“Believe me, I know what you’re talking about. I was saved from a similar situation not six months ago.”

“What? You mean you found a place?”

“Not a place,” I said. “The place. The most incredible house I’ve ever lived in. It’s on Russian Hill. It’s owned by a professor from San Francisco State. He bought it about twenty years ago. It has fireplaces and a view. And it’s filled with African art. That’s the professor’s field. He got a huge grant to research art in Africa. He’ll be there for at least five years. But, with any luck, he’ll disappear like Livingston, and Stanley will never find him.”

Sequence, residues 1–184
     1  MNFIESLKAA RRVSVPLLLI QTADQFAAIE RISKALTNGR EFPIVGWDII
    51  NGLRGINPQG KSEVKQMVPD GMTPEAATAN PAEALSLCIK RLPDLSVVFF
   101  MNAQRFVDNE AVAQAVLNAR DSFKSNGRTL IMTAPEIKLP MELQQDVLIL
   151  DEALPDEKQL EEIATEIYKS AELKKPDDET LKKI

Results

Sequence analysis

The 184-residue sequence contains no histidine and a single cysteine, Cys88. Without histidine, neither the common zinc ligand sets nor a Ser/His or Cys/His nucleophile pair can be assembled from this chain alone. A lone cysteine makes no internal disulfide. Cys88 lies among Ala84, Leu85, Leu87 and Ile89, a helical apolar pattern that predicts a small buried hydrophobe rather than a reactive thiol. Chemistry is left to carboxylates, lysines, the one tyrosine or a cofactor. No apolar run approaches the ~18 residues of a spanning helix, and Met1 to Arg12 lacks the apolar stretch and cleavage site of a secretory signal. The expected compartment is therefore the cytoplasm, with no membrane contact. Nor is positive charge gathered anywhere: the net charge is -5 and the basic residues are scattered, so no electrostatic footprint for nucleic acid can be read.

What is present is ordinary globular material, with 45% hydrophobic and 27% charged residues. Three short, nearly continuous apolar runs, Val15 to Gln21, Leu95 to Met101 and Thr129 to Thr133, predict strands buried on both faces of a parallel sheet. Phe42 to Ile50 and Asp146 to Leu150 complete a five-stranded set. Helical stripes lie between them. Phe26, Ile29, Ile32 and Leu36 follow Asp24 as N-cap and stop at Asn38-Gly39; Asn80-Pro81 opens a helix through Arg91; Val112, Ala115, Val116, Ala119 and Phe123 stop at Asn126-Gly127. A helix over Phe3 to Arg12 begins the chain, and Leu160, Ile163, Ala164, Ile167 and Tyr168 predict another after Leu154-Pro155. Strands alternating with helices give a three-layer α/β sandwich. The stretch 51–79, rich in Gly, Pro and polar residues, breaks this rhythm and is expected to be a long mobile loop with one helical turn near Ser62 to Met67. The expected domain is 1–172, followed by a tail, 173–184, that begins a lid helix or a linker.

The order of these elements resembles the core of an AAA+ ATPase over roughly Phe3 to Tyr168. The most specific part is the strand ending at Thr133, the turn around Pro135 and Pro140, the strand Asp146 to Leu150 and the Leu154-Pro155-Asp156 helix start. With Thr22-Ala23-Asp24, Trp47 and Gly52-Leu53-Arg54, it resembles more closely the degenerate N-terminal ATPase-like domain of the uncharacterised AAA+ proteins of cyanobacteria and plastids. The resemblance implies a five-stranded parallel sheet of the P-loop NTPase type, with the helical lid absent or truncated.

“My God, how did you ever find it?”

I made counterfeit love to a rental agent named Carol before I found you.

“I have a good friend in real estate,” I said.

“Shit, now I’m ready to jump off a roof.”

“Don’t do that. If you come on Friday, I promise I’ll transfer the lease to you in my will. Perhaps I’ll get hit by a truck next week. Your luck could change.”

She laughed.

“I think that’s the only way I’ll ever find a place.”

“Friday night, then? I’ll pick you up.”

“Don’t pick me up. I’m not even sure where I’ll be. Just give me the address. Getting around this city has become my specialty.”

As soon as she hung up, a battle began between reality and the fantasies I couldn’t help but create during the next three days. I envisioned our lives together, our house, our children, the incredible happiness that comes when you find the right person. These foolish dreams spread over my rational mind like oil spilled on water.